Many of you criticized Omaha Outdoors, TTAG and others for failing to immediately drop test every other handgun on the market following last week’s revelations about the SIG SAUER P320. That, however is an expensive and time consuming proposition, something we’re not set up to do. Not to mention . . .
that failure- and drop-testing firearms isn’t one of our core competencies. We only ran our P320 test last week to try to debunk Omaha’s results. And you saw how that went.
Omaha Outdoors and Andrew Tuohy, however, have now dropped a brace of other popular pistols to see if they could get them to go bang and have just released the above video.
At the time that we released our first drop test video, we had conducted many other drop tests of common service handguns from other manufacturers, but we chose not to make the video a comparison between Sig and X manufacturer, simply a focus on that particular issue.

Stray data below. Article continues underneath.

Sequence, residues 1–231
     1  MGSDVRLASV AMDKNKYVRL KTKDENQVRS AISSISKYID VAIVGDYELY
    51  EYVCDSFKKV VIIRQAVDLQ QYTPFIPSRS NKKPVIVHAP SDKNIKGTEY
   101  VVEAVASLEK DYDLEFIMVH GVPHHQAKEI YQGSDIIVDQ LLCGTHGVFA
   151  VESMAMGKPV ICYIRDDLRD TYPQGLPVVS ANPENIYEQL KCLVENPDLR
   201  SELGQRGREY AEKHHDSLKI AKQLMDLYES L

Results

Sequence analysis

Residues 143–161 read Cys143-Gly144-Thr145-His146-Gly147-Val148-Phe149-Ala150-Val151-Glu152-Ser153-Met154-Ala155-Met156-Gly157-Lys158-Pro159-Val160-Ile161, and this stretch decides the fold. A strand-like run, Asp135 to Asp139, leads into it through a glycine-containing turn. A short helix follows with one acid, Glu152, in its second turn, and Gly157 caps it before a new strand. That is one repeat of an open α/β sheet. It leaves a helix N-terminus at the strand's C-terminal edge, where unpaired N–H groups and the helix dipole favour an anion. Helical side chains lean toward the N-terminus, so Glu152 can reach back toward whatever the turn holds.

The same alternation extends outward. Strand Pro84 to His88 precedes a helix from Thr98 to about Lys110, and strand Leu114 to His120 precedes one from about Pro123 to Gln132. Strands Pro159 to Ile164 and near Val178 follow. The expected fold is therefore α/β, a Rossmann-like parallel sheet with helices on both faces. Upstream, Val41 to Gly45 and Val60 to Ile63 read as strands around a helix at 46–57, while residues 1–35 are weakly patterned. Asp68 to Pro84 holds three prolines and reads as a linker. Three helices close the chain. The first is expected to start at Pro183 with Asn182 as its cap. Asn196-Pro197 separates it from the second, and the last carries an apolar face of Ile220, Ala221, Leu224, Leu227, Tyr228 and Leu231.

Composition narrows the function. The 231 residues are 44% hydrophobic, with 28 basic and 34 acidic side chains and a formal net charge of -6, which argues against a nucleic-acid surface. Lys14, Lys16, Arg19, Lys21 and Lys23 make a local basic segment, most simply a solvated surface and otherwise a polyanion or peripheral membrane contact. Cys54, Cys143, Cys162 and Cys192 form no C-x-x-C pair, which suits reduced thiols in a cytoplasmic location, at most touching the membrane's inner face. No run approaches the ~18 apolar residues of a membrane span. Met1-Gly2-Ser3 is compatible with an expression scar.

Needless to say, many folks were wondering if their chosen pistol platform was susceptible to this issue, so in this video we drop test, at many angles, a Glock 17 Gen 2, Glock 17 Gen 3 modified by Zev, Glock 22 Gen 4, Glock 43, Heckler & Koch VP9, HK VP9SK, Polymer80 PF940C Glock kit with all stock Glock parts, Smith & Wesson M&P9 M2.0, S&W M&P 45, and a Springfield TRP Operator 1911.
None of these firearms caused a primed case to discharge. It is not acceptable for a modern service handgun to fire a round when dropped and no excuse can be made for one that fires.
Omaha Outdoors will continue to test many of the firearms mentioned above at different angles and we will incorporate drop testing in all of our future reviews.
As we discover firearms that fire when dropped, we will attempt to confirm our results, contact the manufacturer for their comment, and then release the results of the failed tests in a timely manner to the public.